“I want to move down to Costa Rica to live, buy a house, and open a business,” is the usual agenda, but their life-plan isn’t well thought out after that. I see a lot of people rushing into their big move, spurred on by visions of a stress-free, easy life on the beach. Their experience can either truly be “living the dream,” or a complete nightmare based on what happens next.
I go into every nut and bolt about moving down to Costa Rica in my new handbook, but I wanted to give you a snapshot of the most common mistakes people make when they’re considering becoming an expat in Costa Rica. Here are the top five mistakes I see, in no particular order:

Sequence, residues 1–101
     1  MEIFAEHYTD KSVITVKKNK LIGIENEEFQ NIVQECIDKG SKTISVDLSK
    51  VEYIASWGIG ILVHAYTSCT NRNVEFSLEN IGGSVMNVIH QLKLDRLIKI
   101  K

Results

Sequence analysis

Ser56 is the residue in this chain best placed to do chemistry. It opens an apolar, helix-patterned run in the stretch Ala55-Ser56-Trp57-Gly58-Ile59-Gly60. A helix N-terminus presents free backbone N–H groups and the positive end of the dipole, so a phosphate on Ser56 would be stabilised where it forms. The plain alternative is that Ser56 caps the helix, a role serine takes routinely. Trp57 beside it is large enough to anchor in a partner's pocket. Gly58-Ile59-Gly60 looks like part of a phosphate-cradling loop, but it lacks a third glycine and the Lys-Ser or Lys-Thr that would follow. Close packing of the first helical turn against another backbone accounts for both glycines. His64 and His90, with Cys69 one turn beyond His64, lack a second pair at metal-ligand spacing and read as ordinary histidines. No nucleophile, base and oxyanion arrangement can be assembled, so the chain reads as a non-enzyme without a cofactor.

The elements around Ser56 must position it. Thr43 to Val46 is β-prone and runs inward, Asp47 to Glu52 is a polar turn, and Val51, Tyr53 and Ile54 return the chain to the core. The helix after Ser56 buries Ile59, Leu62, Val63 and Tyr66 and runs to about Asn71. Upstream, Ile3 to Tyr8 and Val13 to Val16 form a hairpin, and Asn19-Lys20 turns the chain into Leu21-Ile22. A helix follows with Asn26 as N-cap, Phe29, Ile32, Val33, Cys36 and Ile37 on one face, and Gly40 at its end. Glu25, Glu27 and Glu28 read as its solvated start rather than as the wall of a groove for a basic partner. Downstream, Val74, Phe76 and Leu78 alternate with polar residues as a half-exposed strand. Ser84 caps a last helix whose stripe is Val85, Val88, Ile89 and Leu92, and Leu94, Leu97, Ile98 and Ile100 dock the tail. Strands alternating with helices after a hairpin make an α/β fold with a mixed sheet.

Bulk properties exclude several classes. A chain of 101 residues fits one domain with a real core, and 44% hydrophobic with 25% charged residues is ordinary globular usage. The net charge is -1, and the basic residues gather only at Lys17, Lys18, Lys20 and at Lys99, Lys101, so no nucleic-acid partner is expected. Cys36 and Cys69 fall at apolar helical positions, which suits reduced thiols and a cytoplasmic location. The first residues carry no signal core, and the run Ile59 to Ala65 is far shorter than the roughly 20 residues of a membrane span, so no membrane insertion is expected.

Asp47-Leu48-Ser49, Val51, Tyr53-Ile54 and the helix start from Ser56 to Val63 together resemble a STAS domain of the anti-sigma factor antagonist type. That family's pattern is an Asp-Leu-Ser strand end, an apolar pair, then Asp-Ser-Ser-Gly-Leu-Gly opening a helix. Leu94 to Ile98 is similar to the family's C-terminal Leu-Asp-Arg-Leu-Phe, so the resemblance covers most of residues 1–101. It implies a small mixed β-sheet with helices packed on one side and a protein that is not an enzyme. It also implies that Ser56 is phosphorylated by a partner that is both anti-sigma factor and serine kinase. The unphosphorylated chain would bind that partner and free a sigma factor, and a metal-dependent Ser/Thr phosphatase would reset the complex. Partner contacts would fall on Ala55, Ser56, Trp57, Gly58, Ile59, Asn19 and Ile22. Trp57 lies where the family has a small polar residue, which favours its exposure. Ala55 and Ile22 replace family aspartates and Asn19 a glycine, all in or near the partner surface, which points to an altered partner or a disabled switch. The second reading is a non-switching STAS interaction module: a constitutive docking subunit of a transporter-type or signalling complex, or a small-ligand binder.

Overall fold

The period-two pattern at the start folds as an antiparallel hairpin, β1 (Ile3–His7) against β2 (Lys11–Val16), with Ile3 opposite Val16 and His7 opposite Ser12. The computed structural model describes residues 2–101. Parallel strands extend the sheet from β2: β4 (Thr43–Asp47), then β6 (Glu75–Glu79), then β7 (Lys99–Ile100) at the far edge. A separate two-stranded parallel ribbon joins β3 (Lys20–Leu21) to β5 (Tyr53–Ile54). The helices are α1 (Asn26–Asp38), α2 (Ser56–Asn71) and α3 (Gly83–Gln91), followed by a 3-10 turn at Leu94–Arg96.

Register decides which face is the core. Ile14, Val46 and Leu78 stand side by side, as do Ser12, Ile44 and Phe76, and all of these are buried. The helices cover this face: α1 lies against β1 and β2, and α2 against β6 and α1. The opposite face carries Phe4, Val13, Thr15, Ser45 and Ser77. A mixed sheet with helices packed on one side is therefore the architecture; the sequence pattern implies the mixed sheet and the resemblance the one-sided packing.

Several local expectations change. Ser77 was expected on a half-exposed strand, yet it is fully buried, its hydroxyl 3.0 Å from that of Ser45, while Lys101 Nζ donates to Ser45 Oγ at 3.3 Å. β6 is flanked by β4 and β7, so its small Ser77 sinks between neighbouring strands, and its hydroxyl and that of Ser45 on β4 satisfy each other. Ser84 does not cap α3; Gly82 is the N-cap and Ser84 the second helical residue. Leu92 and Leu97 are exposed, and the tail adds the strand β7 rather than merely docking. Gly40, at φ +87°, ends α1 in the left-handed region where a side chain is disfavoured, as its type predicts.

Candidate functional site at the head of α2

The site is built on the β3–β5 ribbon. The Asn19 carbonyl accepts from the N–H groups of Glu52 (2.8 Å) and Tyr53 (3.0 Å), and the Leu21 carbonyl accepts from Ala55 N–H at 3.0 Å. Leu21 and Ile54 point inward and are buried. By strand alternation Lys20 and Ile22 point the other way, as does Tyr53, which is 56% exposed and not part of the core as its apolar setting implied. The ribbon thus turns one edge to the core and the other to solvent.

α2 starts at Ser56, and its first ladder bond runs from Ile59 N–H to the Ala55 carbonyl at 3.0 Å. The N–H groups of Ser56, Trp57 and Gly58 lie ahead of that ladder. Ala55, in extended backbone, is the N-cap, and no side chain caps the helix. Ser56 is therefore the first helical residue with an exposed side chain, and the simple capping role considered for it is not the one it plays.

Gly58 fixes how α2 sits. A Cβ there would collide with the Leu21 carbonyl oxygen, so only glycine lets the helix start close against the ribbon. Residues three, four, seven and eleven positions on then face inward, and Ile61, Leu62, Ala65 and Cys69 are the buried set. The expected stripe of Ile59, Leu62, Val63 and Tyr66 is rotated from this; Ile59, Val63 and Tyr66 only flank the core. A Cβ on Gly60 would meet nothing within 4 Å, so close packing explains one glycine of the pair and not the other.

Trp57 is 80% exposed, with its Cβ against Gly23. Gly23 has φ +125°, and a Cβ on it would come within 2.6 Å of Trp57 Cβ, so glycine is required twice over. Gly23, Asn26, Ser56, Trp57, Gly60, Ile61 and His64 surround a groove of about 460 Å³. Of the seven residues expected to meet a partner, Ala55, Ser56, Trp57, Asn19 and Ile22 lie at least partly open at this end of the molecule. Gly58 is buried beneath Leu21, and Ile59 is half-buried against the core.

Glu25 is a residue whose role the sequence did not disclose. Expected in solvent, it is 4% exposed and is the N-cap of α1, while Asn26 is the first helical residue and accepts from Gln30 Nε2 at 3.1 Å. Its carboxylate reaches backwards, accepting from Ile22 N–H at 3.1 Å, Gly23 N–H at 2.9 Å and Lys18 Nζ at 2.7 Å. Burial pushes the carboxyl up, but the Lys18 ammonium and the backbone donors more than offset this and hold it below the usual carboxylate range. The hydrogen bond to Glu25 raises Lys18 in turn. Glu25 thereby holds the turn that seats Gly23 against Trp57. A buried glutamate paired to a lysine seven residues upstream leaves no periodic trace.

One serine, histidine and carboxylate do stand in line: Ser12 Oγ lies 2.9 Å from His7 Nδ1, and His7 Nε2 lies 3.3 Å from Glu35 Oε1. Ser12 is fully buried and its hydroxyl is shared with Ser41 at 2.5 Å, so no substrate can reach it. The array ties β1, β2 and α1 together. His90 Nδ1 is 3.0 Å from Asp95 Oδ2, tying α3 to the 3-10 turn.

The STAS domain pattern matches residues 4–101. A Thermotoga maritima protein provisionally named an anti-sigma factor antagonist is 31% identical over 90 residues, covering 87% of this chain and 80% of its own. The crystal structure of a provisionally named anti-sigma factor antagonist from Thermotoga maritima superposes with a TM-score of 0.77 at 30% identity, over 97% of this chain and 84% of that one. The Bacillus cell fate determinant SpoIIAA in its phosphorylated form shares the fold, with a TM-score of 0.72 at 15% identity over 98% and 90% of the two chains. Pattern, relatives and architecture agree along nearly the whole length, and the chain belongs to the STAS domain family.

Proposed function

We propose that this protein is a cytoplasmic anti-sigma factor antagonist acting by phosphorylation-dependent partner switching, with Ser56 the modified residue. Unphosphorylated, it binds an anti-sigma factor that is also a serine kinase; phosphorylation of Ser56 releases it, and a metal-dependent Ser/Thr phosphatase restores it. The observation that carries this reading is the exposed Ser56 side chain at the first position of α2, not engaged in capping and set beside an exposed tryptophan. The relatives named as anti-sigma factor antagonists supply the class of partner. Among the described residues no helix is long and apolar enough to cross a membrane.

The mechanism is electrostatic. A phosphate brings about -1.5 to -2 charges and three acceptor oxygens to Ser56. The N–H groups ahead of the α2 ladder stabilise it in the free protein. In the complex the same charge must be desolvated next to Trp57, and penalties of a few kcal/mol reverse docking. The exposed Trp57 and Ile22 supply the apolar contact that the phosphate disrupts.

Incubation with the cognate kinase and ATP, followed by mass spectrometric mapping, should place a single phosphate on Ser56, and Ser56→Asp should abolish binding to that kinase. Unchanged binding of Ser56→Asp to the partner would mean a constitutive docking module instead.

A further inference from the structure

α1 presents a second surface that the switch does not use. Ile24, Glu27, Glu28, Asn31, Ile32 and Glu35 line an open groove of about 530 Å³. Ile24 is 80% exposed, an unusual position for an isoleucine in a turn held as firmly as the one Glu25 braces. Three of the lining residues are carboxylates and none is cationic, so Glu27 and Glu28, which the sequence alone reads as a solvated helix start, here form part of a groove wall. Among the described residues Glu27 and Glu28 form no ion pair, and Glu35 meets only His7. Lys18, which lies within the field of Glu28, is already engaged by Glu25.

1. Costa Rica or bust - without considering other options.
Costa Rica truly is one of the most beautiful places on earth, but what do you truly know about it? If you think all-day, everyday life there is sitting on a postcard-like beach, you might be shocked to hear that people actually have problems and challenges there, just like they do back home in your current life.
And why does it have to be Costa Rica? Honestly, why haven’t you considered Nicaragua, Panama, Ecuador, Colombia or other similar expat havens?
Of course, Costa Rica is a welcoming, healthy, and positive destination for many expats, but just make sure you think it through, do your homework, and prepare adequately for real life – not a rosy fantasy.
2. Thinking that you need to become a resident immediately.